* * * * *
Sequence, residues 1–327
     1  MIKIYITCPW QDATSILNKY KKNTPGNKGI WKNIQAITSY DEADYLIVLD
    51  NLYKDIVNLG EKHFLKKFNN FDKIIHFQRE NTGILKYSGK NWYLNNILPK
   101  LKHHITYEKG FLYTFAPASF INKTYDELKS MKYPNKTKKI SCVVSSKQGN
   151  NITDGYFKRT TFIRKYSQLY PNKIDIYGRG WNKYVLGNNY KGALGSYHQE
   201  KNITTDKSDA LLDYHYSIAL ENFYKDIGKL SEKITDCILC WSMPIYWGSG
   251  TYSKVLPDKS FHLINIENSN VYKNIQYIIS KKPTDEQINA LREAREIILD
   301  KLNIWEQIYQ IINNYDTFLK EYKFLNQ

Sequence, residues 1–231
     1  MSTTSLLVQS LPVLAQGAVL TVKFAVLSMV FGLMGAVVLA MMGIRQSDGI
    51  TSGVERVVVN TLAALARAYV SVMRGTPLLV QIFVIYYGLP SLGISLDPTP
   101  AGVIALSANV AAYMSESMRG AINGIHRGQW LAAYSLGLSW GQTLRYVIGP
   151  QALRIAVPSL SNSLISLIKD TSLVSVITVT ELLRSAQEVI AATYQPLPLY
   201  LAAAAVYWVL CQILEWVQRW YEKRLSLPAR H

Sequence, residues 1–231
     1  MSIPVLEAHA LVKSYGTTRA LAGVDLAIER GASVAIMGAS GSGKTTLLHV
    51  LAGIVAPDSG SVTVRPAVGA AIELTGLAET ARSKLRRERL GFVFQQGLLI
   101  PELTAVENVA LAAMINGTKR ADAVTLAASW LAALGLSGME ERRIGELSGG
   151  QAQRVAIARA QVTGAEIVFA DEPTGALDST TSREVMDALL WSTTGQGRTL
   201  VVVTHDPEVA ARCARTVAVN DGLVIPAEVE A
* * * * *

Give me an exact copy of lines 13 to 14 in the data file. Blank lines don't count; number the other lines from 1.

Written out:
   151  QALRIAVPSL SNSLISLIKD TSLVSVITVT ELLRSAQEVI AATYQPLPLY
   201  LAAAAVYWVL CQILEWVQRW YEKRLSLPAR H